In a stepparent adoption, the parent’s new spouse adopts the child or children of the parent with a previous relationship. Compare to the agency or independent adoption, the stepparent adoption procedures are very simple, especially if the child or children involved and the other parent consent to the adoption.

Single-Parent Adoption

Currently, all 50 states and the District of Columbia allow single parents to adopt. In these instances, the single parent accepts full legal responsibility for the financial care and rising of the child.

Domestic Partner Adoption

In California, a new law allows a same-sex domestic partner to adopt the children of his or her partner under stepparent adoption procedures, so that the process is reasonably speedy and easy. In order to qualify for these procedures, the parties must be registered as domestic partners with the state.  These procedures ensure that both partners are considered legal parents of their child.

Relative Adoption

In a relative or kinship adoption, a member of the child’s family adopts the child.  If the parents die while the children are minors, or the parents are unable or unfitted to take care of the children, the grandparents frequently adopt their grandchildren.  In most states, these adoptions are easier than non-relative adoptions. If the adopted child has siblings who are not adopted at the same time, kinship adoption procedures usually provide for contact between the siblings after the adoption.

Collaborative Family Law 

Welcome to the Collaborative Family Law section of ProsLaw for the Public.  This section contains information and resources to educate and update individuals with Collaborative Practice in family law issue. 

Divorce is ending a marriage and it can be a painful experience as well as a new beginning.  Distinguishing these facts, many individuals wanted to have a more productive way of divorcing. Collaborative Practice or Collaborative Divorce is an answer for the individuals that sought a more constrictive way of divorcing.  It encourages admiration, respect, the priority to the needs of the children and it allows the spouses to have more control of the process.  Collaborative Practice is a different approach of divorcing that can help individual to make a healthy, hopeful transition from one stage of life to the next.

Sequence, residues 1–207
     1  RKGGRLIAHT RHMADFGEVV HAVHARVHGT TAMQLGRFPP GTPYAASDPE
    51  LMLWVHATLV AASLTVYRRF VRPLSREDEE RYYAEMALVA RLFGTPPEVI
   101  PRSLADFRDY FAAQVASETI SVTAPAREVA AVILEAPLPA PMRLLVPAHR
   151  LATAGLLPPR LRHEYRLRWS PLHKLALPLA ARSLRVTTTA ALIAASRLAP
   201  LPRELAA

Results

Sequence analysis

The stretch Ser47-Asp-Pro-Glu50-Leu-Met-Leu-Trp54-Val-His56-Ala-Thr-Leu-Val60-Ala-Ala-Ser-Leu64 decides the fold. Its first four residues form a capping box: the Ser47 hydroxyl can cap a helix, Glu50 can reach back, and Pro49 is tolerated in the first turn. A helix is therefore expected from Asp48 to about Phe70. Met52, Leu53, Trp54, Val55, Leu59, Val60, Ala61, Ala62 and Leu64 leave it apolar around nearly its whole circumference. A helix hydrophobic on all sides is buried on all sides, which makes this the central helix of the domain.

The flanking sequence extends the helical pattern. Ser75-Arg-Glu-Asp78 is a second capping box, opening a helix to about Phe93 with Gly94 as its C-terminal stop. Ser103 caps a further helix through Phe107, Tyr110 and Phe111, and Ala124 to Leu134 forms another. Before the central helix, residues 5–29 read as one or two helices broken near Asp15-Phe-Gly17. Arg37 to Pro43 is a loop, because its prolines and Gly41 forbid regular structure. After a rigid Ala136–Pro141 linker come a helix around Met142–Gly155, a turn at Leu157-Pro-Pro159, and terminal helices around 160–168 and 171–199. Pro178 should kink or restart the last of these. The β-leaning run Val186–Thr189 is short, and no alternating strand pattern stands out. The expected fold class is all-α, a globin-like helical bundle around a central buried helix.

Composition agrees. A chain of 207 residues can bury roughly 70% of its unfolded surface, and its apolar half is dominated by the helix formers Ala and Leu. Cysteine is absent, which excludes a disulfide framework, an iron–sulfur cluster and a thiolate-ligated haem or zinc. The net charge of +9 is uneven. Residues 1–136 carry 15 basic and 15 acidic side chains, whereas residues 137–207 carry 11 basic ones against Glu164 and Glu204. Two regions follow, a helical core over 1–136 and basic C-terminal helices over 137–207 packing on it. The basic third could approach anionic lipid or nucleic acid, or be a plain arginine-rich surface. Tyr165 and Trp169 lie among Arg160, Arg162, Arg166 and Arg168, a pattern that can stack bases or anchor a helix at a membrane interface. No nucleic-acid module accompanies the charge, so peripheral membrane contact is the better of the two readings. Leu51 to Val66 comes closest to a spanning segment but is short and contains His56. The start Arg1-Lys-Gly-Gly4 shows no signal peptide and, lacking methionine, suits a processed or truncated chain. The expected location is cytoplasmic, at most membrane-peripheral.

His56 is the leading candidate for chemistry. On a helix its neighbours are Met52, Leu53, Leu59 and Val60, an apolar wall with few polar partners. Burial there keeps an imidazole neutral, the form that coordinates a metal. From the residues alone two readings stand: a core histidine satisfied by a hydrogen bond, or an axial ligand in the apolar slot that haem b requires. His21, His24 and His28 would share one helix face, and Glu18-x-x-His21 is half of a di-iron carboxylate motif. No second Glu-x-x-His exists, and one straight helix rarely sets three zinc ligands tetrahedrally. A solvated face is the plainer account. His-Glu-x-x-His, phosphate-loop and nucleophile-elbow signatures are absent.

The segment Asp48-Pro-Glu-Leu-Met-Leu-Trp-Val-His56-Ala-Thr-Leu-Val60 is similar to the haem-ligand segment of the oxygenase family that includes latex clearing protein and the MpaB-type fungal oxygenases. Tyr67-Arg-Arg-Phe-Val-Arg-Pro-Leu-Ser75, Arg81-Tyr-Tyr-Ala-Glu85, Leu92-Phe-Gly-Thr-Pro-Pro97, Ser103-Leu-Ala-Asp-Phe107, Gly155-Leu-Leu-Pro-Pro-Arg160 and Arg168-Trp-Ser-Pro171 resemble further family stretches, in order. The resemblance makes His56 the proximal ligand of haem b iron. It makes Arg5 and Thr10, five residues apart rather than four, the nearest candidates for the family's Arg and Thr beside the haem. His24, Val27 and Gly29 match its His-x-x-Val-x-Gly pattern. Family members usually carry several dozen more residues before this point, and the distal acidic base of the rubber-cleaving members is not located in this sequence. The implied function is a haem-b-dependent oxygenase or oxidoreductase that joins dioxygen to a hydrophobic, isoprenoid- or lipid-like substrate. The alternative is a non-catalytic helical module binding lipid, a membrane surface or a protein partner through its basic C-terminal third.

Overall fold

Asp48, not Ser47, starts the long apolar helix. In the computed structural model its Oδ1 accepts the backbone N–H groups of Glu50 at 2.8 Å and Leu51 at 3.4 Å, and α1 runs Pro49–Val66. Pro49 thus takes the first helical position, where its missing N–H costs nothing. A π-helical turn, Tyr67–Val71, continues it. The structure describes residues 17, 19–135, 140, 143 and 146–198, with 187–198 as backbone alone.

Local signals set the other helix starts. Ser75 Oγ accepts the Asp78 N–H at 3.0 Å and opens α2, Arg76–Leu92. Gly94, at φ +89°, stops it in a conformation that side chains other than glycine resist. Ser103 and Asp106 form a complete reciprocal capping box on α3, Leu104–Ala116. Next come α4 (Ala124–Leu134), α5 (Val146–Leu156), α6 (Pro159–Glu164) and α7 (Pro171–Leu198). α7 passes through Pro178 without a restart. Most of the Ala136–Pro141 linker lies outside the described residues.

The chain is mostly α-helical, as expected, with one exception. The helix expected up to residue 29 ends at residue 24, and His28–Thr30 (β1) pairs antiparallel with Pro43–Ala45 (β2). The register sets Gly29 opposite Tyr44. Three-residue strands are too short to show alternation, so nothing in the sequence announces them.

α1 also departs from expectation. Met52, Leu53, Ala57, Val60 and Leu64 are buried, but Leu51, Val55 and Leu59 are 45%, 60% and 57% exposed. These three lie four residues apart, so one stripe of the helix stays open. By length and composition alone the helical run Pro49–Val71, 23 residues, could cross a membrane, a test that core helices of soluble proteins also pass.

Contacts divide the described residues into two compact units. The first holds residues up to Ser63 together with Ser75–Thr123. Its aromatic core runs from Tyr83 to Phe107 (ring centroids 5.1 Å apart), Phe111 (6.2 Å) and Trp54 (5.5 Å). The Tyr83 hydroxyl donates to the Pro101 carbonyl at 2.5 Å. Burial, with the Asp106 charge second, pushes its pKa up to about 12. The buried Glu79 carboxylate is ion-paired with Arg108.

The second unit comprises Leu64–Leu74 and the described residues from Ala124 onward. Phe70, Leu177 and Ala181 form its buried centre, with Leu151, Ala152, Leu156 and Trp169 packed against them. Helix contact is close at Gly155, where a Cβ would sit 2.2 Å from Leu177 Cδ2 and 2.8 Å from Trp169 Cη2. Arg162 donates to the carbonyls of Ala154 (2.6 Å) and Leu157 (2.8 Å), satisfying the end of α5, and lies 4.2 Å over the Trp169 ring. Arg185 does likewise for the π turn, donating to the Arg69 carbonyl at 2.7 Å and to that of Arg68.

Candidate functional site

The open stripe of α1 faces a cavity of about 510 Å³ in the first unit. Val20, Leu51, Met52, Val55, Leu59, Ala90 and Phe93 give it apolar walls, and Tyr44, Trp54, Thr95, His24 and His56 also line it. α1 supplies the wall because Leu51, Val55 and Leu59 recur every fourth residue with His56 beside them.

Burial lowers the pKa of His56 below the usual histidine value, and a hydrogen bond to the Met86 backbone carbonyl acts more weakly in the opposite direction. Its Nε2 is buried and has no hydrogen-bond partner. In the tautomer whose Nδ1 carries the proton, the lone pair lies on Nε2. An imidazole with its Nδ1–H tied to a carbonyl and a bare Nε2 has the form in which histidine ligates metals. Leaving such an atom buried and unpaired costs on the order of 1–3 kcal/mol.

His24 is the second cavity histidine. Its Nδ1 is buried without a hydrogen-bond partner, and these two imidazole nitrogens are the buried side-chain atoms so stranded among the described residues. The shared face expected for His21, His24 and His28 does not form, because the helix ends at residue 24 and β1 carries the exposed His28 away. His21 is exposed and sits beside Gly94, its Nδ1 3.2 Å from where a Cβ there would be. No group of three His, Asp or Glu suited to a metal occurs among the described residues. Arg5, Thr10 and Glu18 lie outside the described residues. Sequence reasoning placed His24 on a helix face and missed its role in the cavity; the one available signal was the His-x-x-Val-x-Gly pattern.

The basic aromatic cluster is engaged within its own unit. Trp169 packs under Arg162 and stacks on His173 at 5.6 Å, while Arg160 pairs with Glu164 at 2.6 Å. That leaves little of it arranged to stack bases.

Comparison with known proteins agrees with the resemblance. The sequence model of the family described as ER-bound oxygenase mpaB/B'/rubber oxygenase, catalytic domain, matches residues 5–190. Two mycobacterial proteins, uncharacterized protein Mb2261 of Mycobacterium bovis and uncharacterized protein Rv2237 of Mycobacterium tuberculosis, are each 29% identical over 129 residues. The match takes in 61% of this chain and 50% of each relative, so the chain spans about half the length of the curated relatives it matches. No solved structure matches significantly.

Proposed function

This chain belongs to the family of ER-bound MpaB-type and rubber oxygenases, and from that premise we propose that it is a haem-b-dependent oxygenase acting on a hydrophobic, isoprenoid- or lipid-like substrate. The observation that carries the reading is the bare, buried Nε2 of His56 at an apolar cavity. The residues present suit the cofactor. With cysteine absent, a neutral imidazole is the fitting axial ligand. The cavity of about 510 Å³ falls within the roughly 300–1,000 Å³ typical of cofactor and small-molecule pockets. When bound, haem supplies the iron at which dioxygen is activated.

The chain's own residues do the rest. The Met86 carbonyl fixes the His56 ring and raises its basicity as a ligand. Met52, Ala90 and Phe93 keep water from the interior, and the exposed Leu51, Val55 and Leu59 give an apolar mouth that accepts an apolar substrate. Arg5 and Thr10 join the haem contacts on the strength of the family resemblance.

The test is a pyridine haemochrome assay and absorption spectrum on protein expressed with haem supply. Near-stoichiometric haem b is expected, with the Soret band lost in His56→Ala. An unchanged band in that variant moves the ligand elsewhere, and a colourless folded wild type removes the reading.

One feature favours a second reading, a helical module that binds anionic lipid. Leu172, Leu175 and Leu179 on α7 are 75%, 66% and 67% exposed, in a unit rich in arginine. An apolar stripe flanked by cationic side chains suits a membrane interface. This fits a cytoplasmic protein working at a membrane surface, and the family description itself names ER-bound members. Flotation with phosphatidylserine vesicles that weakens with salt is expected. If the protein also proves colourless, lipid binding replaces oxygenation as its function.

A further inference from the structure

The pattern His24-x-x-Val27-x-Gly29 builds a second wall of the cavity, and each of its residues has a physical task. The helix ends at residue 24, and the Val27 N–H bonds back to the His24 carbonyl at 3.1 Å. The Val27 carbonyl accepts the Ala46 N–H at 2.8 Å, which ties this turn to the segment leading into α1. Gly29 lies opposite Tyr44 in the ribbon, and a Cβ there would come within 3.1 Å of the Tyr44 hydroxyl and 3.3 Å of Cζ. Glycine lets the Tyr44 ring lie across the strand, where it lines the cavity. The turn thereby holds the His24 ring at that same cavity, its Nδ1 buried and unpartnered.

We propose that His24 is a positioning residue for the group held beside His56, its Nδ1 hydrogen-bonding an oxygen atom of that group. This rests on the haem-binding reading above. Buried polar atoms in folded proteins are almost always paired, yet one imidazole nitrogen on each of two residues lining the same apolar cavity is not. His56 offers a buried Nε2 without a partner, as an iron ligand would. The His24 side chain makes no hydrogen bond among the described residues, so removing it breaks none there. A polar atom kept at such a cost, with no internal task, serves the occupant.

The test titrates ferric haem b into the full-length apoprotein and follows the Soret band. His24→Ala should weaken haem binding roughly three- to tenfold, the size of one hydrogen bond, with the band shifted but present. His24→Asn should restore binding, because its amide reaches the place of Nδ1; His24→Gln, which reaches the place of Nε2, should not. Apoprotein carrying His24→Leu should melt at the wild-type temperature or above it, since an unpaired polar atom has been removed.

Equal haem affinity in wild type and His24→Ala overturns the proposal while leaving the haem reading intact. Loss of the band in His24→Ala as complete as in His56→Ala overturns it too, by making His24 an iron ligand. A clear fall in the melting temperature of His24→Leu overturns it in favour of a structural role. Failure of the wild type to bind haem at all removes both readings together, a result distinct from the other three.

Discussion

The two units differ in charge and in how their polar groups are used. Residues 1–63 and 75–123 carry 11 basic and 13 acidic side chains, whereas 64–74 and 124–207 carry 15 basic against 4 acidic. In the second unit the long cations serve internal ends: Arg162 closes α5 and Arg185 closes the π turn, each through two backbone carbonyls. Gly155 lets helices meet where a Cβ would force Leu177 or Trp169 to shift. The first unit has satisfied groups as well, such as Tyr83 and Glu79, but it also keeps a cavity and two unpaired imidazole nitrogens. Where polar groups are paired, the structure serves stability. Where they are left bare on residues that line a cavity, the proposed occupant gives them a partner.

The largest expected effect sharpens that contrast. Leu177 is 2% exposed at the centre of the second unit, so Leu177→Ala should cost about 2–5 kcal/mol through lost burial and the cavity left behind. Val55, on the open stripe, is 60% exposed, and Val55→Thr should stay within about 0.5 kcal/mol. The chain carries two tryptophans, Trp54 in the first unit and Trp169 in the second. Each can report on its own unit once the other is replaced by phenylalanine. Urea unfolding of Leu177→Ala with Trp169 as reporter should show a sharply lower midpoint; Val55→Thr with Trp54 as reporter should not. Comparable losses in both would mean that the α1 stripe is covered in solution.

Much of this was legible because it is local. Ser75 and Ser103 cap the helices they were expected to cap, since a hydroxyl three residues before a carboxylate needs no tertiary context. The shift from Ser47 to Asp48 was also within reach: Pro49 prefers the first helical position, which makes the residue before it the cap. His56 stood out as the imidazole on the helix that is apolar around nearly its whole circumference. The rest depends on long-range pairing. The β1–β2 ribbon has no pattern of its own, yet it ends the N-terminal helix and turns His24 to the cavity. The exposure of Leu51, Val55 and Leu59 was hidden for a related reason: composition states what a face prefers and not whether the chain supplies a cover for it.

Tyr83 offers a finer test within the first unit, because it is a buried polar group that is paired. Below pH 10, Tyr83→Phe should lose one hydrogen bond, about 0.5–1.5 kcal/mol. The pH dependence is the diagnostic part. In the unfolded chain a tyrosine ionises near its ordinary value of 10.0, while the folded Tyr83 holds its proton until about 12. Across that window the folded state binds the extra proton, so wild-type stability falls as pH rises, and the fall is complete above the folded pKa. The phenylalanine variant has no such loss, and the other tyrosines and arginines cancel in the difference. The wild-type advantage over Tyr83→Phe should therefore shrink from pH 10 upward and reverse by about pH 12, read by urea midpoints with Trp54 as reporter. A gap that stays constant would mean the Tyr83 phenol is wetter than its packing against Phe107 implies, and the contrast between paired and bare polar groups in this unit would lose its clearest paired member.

The Concept of Collaborative Law

A rising leaning as an alternative to resolve disputes in family law is the collaborative law.  The collaborative law perception is a structured and supportive out-of-court approach to resolve disputes that allows individuals in a legal disagreement to work together with their attorneys or In Pro Persona to resolve their disputes in a positive approach.  Assigning to the collaborative law procedure in family law, would give the individuals opportunity to finalize a divorce and resolve any property disputes, custody and support issue without stepping into a courtroom.

Development of Collaborative Law

In the early 1990’s, the Minnesota family law attorneys established the collaborative law process as a fair approach, and uncomplicated alternative to divorce cases. Today, in addition to the recently formed International Academy of Collaborative Professionals, many national, regional, state, and local collaborative law groups exist. The focal point of these organizations is mainly on applying the collaborative laws principles to family law, such as divorce and related issues.  Recently, there is an increase in the use of the collaborative process to resolve disputes in other fields such as disagreements that arise in employment and business relationships.

 

 

 

 

Bankruptcy & DebtLegal Information

This section contains information and resources to help individual in increasing debts and unable to make required payments. The topic areas below demonstrate the most ordinary ways of dealing with debt, the alternatives, should individual decide to file for bankruptcy, and additional information.

  • Debt Relief Options
  • Bankruptcy Basics
  • Is Bankruptcy Right For You?

Criminal LawLegal Information

Welcome to the Criminal Law section of ProsLaw for the Public.  This section contains information and resources to help individuals with criminal law issue.  This section contains the following topics:

 

·        Criminal Law & Their Sources
·        Stages of a Case
·        Your Rights
·        Crime Prevention
·        Victims Resources
 

 

Defective & Dangerous ProductsLegal Information